Kapiti Coast:                  
 
Paraparaumu/Raumati 5.3 5.6 5.7 5.9 6.0 6.1 6.2 6.1 6.1
5.9
Waikanae/Otaki 5.5 5.8 5.8 5.9 6.5 6.8 6.6 6.7 5.5
5.4
                   
 
Upper Hutt:                    
Heretaunga/Silverstream 4.6 5.3 5.6 5.8 5.8 6.1 n.a. n.a. n.a. n.a.
Totara Park/Maoribank/Te Marua 5.2 5.7 6.2 6.3 6.2 6.8 n.a. n.a. n.a. n.a.
                     
Lower Hutt:                    
Epuni/Avalon 5.6 5.1 5.5 5.8 5.2 5.1 n.a. n.a. n.a. n.a.
Taita/Naenae 6.1 6.2 6.5 6.8 6.9 7.1 n.a. n.a. n.a. n.a.
Wainuiomata 6.3 7.0 7.2 7.7 7.7 7.7 n.a. n.a. n.a. n.a.
                     
Wellington:                  
 
Johnsonville/Newlands 4.8 4.8 5.2 5.5 5.4 5.6 5.8 5.6 5.5
6.2
Vogeltown/Berhampore/Newtown 4.1 4.6 4.9 5.4 5.2 5.5 5.1 5.5 5.2
5.6
                   
 
Tasman:                  
 
Motueka 4.0 4.7 5.3 5.2 5.4 5.3 5.3 5.5 5.6
5.5
Richmond/Wakefield/Brightwater 4.6 4.8 5.3 5.3 5.3 5.5 5.6 5.6 5.8
5.9
                     
Nelson: Stoke/Nayland/Tahunanui 5.1 5.2 5.3 5.5 5.7 5.8 5.9 5.7 5.7
6.0
                     
Blenheim 6.3 6.5 6.5 7.0 7.0 6.4 6.5 6.5 6.6
6.5
                   
 
Christchurch:                  
 
Hornby/Islington/Hei Hei 5.7 6.1 6.1 6.0 6.0 6.2 6.2 6.3 6.5
6.3
Riccarton 5.2 5.5 5.0 5.7 5.0 4.9 5.9 5.2 4.9
5.1
Woolston/Opawa 6.5 6.6 7.4 6.3 6.4 6.6 6.8 7.3 7.2
8.0
                     
Ashburton 8.4 6.3 6.1 6.2 7.0 6.9 7.0 6.8 6.7
7.2
                   
 
Timaru 5.9 6.1 6.4 6.5 6.4 6.2 6.6 6.8 6.7
6.3
                   
 
Queenstown/Frankton/Arrowtown 4.1 4.5 4.3 4.6 5.2 5.0 4.8 4.9 4.7
5.3
                   
 
Dunedin:                    
Kenmure/Mornington 6.5 6.3 6.7 7.9 7.1 6.6 n.a. n.a. n.a. n.a.
Mosgiel 5.7 5.7 5.7 6.4 6.4 6.1 n.a. n.a. n.a. n.a.
South Dunedin/St Kilda 7.5 8.1 7.4 7.2 8.0 8.2 n.a. n.a. n.a. n.a.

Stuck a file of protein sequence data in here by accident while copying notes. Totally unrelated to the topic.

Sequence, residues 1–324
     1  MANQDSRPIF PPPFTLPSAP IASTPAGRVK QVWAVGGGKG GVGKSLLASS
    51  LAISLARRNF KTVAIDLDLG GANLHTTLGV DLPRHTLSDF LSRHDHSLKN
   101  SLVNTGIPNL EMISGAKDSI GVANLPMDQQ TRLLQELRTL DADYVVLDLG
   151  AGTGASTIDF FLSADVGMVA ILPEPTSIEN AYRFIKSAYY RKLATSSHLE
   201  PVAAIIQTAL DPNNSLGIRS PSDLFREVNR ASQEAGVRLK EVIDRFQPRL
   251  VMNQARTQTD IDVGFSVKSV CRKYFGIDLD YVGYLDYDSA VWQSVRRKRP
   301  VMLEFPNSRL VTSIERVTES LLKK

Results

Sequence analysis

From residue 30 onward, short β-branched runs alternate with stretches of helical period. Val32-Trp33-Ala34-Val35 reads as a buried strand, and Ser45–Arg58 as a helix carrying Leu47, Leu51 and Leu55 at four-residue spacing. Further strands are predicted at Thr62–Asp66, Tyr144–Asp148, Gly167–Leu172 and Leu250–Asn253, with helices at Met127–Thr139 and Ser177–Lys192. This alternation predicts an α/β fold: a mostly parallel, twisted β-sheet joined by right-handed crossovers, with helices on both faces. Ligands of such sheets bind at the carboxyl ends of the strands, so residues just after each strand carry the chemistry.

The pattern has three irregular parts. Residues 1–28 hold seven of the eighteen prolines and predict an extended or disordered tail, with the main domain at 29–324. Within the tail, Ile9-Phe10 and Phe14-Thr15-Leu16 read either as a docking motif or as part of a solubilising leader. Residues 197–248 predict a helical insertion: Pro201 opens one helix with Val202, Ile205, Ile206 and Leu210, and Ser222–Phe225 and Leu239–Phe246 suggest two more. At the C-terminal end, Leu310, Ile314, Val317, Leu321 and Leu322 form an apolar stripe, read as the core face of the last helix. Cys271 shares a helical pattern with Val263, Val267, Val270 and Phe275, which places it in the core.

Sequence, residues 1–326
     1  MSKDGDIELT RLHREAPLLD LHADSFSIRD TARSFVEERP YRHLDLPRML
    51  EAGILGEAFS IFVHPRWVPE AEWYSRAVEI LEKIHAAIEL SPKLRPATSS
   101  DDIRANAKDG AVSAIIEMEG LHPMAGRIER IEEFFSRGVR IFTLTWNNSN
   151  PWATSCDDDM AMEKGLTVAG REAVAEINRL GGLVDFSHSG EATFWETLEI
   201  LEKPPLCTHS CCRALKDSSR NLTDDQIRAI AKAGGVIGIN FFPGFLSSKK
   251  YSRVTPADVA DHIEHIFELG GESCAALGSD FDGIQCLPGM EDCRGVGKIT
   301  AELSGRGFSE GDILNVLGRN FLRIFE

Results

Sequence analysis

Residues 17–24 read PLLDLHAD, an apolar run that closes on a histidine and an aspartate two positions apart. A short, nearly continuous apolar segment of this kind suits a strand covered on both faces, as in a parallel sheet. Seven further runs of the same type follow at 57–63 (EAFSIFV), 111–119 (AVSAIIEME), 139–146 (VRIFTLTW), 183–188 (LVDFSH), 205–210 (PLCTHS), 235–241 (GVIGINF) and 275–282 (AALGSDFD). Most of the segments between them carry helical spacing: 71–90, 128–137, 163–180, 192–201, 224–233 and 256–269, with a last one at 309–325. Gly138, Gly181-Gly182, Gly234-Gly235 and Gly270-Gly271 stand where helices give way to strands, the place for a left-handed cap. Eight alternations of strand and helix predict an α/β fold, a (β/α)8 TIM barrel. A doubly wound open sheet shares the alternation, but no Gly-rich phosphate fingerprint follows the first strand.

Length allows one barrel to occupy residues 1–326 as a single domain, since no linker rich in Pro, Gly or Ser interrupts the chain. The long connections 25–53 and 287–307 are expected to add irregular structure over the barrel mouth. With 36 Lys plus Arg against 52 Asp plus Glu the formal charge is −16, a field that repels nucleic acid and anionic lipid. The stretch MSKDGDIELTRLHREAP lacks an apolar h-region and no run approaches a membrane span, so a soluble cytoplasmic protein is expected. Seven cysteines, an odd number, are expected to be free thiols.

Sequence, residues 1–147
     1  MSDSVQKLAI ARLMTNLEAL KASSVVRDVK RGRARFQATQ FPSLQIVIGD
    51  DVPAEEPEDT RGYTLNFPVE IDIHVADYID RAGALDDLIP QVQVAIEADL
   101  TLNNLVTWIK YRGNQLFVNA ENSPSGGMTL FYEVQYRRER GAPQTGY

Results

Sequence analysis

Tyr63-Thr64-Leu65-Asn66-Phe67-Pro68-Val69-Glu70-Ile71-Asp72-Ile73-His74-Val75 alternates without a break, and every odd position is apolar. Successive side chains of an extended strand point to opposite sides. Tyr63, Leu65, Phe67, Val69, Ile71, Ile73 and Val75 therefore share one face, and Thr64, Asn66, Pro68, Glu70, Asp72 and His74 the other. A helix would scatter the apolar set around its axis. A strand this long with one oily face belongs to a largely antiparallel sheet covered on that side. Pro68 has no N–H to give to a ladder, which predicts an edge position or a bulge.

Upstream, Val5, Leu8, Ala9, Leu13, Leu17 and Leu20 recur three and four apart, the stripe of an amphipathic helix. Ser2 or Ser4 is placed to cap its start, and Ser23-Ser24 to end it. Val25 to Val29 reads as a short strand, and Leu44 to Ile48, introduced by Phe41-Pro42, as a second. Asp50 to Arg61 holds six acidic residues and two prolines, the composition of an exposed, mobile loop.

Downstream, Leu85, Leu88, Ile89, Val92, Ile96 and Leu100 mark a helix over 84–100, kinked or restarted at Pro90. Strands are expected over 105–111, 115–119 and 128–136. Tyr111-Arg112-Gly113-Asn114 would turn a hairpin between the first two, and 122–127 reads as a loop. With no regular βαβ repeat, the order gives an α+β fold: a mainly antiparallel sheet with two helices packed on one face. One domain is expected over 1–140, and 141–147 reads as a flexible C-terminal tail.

Invercargill 7.9 8.3 8.4 8.7 9.1 9.0 6.7 9.0 9.2
9.5

Source : REINZ / MBIE

* Yield is a property's annual rent expressed as a percentage of its purchase price. The yield figures in this table are gross, and are calculated from the REINZ's lower quartile selling price for each area during the previous 6 months, and the median rent for three bedroom houses calculated from new tenancy bonds received by the Ministry of Business Innovation and Employment for the same areas/period.

 

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38 Comments

I have family members in the "Otara of the North Shore" (Beachhaven / Birkdale postcode). Highly underrated area, but I wonder how the low-income tenants in the area can afford to live there, even in the many rundown houses that sell for eye watering prices.

Yes I very much agree with you JC; Look at those tiny yields, just goes to show how the massive rise in property prices has make Landlords very dependent on capital gain, sadly that can't continue. There's too much of a disconnect between house prices, rents and wages. Even for Auckland.

If this continues, industry will be squeezed out completely and there will be one hell of a crash. You can only push people so far on rents until the move back home with their Parents or abroad to Oz or else where in the world.